Detects a double ASCII encoding that is larger than a standard buffer.1 options provide programmatic detection capabilities as well as some more dynamic type detection. which is a way of causing a heap overflow (see CVE-2004-0396) and bad pointer derefenece in versions of CVS 1.11. Multiple options can be used in an ’asn1’ option and the implied logic is boolean OR. So if any of the arguments evaluate as true. the offset number.1 type lengths with the supplied argument. absolute_offset 0. \ asn1: bitstring_overflow. Offset may be positive or negative. relative_offset 0’. \ flow:to_server. relative_offset 0. e. if you wanted to decode snmp packets.13 for a description and examples of using this rule option. \ asn1: oversize_length 10000.g.3. asn1: bitstring_overflow. absolute offset <value> relative offset <value> Examples alert udp any any -> any 161 (msg:"Oversize SNMP Length". The ASN. Compares ASN.1 sequence right after the content “foo”.5. For example.5. So if you wanted to start decoding and ASN. the offset value.5. then this keyword is evaluated as true.1 type is greater than 500. This is known to be an exploitable function in Microsoft. “oversize length 500”. cvs:invalid-entry.established. you would say “absolute offset 0”.1 detection plugin decodes a packet or a portion of a packet. Examples alert tcp any any -> any 2401 (msg:"CVS Invalid-entry". the whole option evaluates as true. Default CVS server ports are 2401 and 514 and are included in the default ports for stream reassembly. content:"foo". relative offset has one argument. This is the absolute offset from the beginning of the packet. but it is unknown at this time which services may be exploitable. This means that if an ASN. 163 . If an option has an argument. Option bitstring overflow double overflow oversize length <value> Description Detects invalid bitstring encodings that are known to be remotely exploitable. .33 dce iface See the DCE/RPC 2 Preprocessor section 2. Offset values may be positive or negative. The syntax looks like. the option and the argument are separated by a space or a comma.) 3.2. you would specify ’content:"foo".32 cvs The CVS detection plugin aids in the detection of: Bugtraq-10384.) 3. SSH (usually port 22). ! △NOTE Format This plugin cannot do detection over encrypted sessions. This is the relative offset from the last content match or byte test/jump. The preferred usage is to use a space between option and argument. Format asn1: option[ argument][. Option invalid-entry Description Looks for an invalid Entry string. This keyword must have one argument which specifies the length to compare against. cvs:<option>. and looks for various malicious encodings.31 asn1 The ASN. CVE-2004-0396: ”Malformed Entry Modified and Unchanged flag insertion”. absolute offset has one argument. . option[ argument]] .15 and before.) alert tcp any any -> any 80 (msg:"ASN1 Relative Foo".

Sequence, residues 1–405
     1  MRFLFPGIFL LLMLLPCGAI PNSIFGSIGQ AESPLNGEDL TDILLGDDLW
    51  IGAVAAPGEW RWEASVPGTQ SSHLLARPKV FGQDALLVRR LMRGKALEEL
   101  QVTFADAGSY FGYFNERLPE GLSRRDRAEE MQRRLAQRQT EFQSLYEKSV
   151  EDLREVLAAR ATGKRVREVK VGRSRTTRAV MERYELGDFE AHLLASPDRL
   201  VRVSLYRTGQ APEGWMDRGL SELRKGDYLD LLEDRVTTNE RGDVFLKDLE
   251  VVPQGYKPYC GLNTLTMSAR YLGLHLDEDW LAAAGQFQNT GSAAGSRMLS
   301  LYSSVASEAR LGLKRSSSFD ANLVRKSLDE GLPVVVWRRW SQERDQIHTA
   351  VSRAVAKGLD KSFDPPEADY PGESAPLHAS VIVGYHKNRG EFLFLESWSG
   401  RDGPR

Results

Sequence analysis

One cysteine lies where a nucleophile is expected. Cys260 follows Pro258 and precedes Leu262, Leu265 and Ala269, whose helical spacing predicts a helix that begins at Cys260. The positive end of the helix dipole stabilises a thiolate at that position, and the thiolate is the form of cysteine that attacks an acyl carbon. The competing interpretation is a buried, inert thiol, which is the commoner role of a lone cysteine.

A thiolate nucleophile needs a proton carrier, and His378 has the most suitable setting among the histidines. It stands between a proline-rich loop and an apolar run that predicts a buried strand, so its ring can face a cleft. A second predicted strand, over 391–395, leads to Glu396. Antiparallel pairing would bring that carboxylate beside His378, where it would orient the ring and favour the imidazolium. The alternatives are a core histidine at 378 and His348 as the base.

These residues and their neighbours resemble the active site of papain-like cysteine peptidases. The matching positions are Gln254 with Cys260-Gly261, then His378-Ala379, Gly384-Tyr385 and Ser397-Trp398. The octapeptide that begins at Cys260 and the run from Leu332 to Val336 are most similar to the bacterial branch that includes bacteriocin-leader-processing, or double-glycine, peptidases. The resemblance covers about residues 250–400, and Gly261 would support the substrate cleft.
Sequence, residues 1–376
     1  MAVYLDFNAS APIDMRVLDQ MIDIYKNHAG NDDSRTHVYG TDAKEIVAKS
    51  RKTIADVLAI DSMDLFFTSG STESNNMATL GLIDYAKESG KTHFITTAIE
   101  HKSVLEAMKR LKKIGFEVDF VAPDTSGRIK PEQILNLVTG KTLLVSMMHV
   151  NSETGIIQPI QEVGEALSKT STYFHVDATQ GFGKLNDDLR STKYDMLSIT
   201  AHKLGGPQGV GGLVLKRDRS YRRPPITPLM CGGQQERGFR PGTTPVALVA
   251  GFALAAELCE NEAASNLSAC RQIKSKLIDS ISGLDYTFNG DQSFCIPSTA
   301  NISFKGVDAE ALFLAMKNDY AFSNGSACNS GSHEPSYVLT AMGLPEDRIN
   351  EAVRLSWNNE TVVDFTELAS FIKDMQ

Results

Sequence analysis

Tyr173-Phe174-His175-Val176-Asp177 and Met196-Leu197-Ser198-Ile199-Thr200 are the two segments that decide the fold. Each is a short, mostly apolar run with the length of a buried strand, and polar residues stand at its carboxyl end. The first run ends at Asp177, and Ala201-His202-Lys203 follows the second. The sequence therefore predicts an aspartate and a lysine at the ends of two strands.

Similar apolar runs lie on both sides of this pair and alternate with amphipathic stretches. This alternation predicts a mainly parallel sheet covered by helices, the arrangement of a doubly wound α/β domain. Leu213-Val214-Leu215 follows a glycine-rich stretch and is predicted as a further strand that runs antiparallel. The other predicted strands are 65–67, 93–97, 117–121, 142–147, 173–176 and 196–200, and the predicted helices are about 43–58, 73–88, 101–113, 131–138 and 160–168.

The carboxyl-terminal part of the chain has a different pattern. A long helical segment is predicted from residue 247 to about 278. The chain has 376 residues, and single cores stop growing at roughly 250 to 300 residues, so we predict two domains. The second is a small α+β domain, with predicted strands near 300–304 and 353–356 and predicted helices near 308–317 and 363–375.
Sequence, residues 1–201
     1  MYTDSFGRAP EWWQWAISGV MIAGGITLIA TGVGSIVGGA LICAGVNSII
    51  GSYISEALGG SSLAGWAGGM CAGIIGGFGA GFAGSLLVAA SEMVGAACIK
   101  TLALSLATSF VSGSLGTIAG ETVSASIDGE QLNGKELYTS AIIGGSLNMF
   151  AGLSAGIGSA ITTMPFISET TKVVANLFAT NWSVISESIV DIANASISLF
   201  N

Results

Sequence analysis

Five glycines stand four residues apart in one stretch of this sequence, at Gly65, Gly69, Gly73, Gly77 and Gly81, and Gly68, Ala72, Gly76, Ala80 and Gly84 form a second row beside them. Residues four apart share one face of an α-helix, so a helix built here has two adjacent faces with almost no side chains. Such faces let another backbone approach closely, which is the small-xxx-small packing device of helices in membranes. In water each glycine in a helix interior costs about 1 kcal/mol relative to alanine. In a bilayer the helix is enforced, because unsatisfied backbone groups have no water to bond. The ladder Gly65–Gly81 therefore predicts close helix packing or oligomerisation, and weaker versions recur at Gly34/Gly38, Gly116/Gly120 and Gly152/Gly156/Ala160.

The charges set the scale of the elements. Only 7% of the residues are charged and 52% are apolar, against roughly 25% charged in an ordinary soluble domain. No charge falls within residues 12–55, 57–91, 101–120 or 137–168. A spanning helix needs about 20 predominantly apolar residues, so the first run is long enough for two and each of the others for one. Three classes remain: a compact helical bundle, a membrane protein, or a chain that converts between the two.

34 dce opnum See the DCE/RPC 2 Preprocessor section 2. 3.2.11 for a description and examples of using this rule option. Format fragoffset:[!|<|>]<number>. The cvs keyword detects invalid entry strings. The ftpbounce keyword detects FTP bounce attacks.13.2. The pcre keyword allows rules to be written using perl compatible regular expressions.6.13. To catch all the first fragments of an IP session.3. The uricontent keyword in the Snort rule language searches the normalized request URI field. 3. 3.35 dce stub data See the DCE/RPC 2 Preprocessor section 2.13 for a description and examples of using this rule option. then skip that far forward in the packet. The asn1 detection plugin decodes a packet or a portion of a packet.2. and looks for various malicious encodings. 164 .36 ssl version See the SSL/TLS Preprocessor section 2.1 fragoffset The fragoffset keyword allows one to compare the IP fragment offset field against a decimal value. See the DCE/RPC 2 Preprocessor section 2. 3. ignoring any decoding that was done by preprocessors. you could use the fragbits keyword and look for the More fragments option in conjunction with a fragoffset of 0.13 for a description and examples of using this rule option.2.5.2.5.5.2.11 for a description and examples of using this rule option. The rawbytes keyword allows rules to look at the raw packet data.13.5. The within keyword is a content modifier that makes sure that at most N bytes are between pattern matches using the content keyword. See the DCE/RPC 2 Preprocessor section 2. The isdataat keyword verifies that the payload has data at a specified location. 3. The byte test keyword tests a byte field against a specific value (with operator). The offset keyword allows the rule writer to specify where to start searching for a pattern within a packet.9: Payload detection rule option keywords Keyword content rawbytes depth offset distance within uricontent isdataat pcre byte test byte jump ftpbounce asn1 cvs dce iface dce opnum dce stub data Description The content keyword allows the user to set rules that search for specific content in the packet payload and trigger response based on that data. The depth keyword allows the rule writer to specify how far into a packet Snort should search for the specified pattern. See the DCE/RPC 2 Preprocessor section 2.38 Payload Detection Quick Reference Table 3. The byte jump keyword allows rules to read the length of a portion of data.2.6 Non-Payload Detection Rule Options 3. The distance keyword allows the rule writer to specify how far into a packet Snort should ignore before starting to search for the specified pattern relative to the end of the previous pattern match.37 ssl state See the SSL/TLS Preprocessor section 2.5.